With visits numbering well into double digits, my affection for the Czech capital city of Prague remains undiminished, even in the midst of surging summer or winter crowds. When I’ve been in danger of being swamped, I veer off to a side street or quiet park; I’ll also wait for the relative solitude of nightfall or dawn. The magic is knowing I haven’t strayed very far from the big sights.
How I ended up chasing dreams over cobblestone streets, past the thousand spires and ornate facades, and across centuries of European art and history, has exceeded the limits of my imagination.
From the moment I stepped off the plane on my first visit years ago, it’s been a statement of love, reaching, pushing, pulling my senses. Now, like people who love and know a lot about each other, it’s about intent, full on into the realm of recognition and desire.
The distinctive aroma of grilled sausages wafting out from streetside vendors, the scent tempting me and passersby with the idea of “mystery meat in a bun” at all hours of the day. The cravings strike swiftly late at night after a solid effort at the pub.
The smooth slightly-sweet chocolatey flavour of the “černé pivo” (dark beer) called Velkopopovický Kozel. Slices of soft spongy bread “ knedlíky” (dumplings) soaking up the rich savory sauce accompanying the juicy “vepřová panenka” (pork tenderloin). Yes, “česká kuchyně” is on the heavy side, but it sits very comfortably in me belly.
The uneven cobblestones beneath my shoes, causing the expected ache after a long day walking back and forth across the river. To reach down to the old smooth stones in the streets, to touch the massive sandstone blocks on bridges, to run my fingers over the facades on original buildings, feeling like I’m reaching back through the centuries.
The solemn and muffled murmur as people come across for the very first time the sweeping scale of Old Town Square or the beautiful views from Charles Bridge. The familiar screech, grind, and roll as the classic red-and-white streetcars rumble down the tracks.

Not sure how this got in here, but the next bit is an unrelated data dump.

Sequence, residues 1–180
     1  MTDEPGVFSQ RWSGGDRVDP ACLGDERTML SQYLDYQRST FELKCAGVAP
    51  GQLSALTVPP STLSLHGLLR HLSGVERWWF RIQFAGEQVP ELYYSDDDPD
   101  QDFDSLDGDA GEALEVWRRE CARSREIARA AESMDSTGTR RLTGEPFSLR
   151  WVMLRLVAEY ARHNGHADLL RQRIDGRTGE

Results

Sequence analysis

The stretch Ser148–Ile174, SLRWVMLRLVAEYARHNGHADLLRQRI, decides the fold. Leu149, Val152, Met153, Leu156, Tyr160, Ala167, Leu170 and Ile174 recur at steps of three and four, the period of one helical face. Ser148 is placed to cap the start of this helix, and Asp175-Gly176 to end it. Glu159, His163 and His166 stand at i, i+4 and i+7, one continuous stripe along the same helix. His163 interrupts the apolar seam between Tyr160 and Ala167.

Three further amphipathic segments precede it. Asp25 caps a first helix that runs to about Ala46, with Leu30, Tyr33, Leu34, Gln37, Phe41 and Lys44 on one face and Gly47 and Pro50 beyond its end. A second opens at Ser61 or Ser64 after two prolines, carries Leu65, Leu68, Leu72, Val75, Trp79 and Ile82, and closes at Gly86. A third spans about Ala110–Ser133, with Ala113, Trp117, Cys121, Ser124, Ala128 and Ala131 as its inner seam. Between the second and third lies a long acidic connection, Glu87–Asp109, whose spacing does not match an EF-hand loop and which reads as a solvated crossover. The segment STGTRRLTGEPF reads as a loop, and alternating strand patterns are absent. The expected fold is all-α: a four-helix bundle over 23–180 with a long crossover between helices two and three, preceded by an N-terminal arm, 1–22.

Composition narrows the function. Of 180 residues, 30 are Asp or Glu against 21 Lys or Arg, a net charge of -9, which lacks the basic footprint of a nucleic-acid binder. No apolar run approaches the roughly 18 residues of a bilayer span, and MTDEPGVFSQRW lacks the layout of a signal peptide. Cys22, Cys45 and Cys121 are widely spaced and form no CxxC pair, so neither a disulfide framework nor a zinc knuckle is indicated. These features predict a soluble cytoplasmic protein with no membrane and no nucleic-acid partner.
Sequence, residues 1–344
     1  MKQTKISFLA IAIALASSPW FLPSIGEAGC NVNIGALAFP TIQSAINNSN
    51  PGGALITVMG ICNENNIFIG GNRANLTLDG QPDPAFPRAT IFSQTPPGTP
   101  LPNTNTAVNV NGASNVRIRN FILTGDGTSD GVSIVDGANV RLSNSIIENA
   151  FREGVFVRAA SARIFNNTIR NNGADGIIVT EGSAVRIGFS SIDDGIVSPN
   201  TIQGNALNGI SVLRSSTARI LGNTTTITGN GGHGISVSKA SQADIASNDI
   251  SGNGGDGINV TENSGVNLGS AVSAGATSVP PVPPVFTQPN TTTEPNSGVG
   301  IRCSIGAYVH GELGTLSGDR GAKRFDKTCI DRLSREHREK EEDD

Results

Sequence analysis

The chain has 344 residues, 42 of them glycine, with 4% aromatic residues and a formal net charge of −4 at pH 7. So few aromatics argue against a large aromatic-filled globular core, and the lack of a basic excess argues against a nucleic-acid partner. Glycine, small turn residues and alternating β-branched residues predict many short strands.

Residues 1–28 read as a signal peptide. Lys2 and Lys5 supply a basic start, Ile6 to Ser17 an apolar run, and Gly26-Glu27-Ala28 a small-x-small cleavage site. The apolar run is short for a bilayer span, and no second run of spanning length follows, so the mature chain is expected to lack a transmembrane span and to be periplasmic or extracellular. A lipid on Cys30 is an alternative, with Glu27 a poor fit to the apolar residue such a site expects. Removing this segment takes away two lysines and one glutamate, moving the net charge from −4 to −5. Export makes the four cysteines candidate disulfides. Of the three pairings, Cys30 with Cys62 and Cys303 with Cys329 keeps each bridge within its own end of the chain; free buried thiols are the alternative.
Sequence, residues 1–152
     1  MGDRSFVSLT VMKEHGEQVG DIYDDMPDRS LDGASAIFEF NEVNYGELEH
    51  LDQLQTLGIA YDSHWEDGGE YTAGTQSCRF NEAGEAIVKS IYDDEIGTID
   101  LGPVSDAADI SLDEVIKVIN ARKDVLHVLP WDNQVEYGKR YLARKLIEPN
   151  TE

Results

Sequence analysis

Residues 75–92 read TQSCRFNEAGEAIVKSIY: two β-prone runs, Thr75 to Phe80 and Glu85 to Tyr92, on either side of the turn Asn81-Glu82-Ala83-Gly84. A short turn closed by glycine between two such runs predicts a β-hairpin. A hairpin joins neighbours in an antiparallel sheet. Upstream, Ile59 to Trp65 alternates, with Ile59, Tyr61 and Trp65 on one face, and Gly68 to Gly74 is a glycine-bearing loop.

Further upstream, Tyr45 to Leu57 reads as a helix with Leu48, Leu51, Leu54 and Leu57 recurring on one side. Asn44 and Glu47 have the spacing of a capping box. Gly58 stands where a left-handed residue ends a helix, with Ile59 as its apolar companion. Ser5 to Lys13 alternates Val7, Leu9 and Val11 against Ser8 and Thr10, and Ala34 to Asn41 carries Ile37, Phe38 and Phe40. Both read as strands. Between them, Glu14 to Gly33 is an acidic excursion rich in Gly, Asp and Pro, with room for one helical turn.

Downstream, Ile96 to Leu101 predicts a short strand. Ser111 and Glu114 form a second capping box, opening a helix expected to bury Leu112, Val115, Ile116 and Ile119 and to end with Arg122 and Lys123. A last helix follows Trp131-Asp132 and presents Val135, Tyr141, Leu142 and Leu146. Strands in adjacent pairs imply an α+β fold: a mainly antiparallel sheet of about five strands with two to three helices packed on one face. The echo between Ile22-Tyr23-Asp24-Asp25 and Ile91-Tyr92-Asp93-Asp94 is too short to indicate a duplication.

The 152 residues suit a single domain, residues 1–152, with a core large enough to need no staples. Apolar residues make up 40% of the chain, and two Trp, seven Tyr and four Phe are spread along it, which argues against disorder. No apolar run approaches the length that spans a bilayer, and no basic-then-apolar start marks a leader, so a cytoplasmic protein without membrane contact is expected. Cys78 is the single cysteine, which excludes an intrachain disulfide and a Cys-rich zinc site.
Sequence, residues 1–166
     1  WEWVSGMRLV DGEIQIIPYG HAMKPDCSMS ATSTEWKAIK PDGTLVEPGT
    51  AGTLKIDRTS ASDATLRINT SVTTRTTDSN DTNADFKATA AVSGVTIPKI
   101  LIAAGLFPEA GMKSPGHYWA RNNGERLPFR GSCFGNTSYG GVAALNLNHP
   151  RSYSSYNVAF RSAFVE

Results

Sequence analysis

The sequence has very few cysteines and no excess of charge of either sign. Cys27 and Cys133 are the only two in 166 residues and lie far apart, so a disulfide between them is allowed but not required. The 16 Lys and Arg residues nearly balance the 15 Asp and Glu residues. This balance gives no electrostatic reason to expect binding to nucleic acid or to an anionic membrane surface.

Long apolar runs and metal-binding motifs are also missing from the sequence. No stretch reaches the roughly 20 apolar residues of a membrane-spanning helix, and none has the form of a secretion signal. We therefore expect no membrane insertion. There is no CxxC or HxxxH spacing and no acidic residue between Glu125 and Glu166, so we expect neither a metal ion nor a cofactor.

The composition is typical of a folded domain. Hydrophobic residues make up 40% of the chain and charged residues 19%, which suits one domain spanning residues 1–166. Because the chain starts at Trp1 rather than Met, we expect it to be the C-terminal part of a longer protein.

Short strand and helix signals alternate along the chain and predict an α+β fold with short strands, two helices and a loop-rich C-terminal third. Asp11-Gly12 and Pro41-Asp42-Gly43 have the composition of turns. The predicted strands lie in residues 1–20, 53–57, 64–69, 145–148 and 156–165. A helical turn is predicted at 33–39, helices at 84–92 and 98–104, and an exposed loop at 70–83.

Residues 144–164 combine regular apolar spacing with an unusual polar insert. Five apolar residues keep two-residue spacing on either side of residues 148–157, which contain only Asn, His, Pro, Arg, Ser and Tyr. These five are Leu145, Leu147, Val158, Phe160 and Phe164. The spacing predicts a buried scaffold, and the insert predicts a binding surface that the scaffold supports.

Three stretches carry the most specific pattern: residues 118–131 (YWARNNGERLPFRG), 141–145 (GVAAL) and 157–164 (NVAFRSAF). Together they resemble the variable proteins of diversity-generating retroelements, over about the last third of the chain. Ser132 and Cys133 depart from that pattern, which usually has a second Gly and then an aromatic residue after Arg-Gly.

The magic at dawn of seeing a special kind of light, casting a golden halo on red roofs and yellow houses, the city alive on morning fire; and of seeing after sundown hundreds of street lamps throwing a warm sodium-yellow blanket of illumination over the city.
Becoming Lost with Familiarity
I realize I’m in danger of viewing the Czech Republic in the same way some might view Germany. Considering how I feel about Germany, I’m completely indignant when all anyone can think is “Oktoberfest”, as the country offers much more. Ironic, really, as I often only see Praha when I’m in the Czech Republic. As Czech friends are very quick to remind me, Prague is not the Czech Republic; the message is my own piece of humble pie.
Is a visitor necessarily concerned with the cultural, political, or social development of the city, the nation, her people; or with any of the important contributions influencing European civilization at large? How about the preservation of the city’s cultural heritage spread across centuries of urban architecture and design? After all, there are good reasons why the entire historical centre of the city was awarded the status “UNESCO World Heritage Site”.
For me, it’s simple. All it takes is coming out of the side streets at Na Příkopě to see the boulevard open up at Wenceslas Square, sloping gently upwards to the National Museum in the distance. Or the streets snaking through the Old Town, leading to the massive plaza, and seeing the familiar Old Town Hall on the one side and the two tall spires of the Church of Our Lady Before Týn on the other. Or it’s about getting lost in the maze of narrow avenues, finding something new where I haven’t been before, but becoming reacquainted with the historical and familiar.
The city name Praha comes from the Czech word “práh”, meaning “threshold”. I couldn’t have known my first visit to Prague would set into motion the steps I’ve taken: the decision to leave professional astronomy, to go out into the world for at least 365 consecutive days, and to venture into something “scary”, something entirely different. Every decision has led me here, typing away on a laptop and reminiscing with a smile and few regrets. This city has been and will always be my “práh”.
As a friend has pointed out, the proper grammar for the title should be “Praho, miluju tě”, but I’ll stick by my beautiful mistake. A slightly modified version of this story appears on Maptia; my thanks to the folks at Maptia for their generosity.
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I made all of the photos above between 2008 and 2013. This post appears on Fotoeins Fotopress at fotoeins.com as http://wp.me/p1BIdT-4tK.